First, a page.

I went through a patch where I tried keeping up with the annual short story anthologies -- The O. Henry Awards and The Best American Short Stories. They were an education in taste. I learned that I wasn’t going to like everything in an anthology, no matter the supposed bestness of the contents. This lesson proved helpful when I moved on to poetry anthologies. In poetry one often wonders if the difficulty is the reader – am I too stupid to read poetry? With stories one has the idea the story ought to deliver. When it doesn’t the reader doesn’t usually feel at fault. The reader of poetry ought not feel at fault either.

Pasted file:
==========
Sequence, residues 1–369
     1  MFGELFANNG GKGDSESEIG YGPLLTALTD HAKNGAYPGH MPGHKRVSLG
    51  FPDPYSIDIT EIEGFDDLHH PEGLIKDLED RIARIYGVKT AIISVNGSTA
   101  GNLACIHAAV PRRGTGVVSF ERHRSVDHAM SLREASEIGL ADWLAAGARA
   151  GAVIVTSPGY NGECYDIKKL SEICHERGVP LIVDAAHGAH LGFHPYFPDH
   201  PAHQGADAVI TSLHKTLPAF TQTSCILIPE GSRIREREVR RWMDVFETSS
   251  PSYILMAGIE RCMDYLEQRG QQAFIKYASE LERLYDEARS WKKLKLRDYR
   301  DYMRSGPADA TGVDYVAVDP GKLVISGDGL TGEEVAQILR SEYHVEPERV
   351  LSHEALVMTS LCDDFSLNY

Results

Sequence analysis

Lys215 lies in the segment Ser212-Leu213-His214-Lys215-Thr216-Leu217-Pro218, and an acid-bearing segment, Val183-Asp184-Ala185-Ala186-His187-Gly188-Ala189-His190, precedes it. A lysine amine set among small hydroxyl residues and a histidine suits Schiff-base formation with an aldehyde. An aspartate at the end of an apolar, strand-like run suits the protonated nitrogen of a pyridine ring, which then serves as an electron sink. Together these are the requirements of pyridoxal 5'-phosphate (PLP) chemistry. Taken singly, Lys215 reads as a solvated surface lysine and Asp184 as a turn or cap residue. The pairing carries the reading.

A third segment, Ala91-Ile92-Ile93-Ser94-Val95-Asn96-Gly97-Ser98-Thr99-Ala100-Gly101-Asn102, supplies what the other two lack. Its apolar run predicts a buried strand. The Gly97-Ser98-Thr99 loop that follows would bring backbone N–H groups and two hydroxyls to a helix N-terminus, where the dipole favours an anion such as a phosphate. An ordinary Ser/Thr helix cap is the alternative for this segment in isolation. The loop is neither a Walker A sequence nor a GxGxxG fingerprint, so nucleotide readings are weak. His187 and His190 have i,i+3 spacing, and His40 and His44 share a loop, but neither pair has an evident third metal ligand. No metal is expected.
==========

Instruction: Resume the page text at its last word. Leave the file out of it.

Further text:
I was hoping by reading a lot of short stories that I would get the knack for writing them, too. Poetry doesn’t sell (with the rare exception, right Seventeen?) but there are places that will buy fiction. If I could make a living as a writer that’d sure beat a regular job, I thought.
In a Feb 11, 1985 diary entry I noted, “renewed O. Henry Awards 83 … wrote poetry … got WRITERS OF THE FUTURE contest rules in mail.” The Writers of the Future was a contest designed to encourage new science fiction writers. The contest was the inspiration of L. Ron Hubbard; was it funded by the Church of Scientology? I entered the contest once or twice. I didn’t win or place.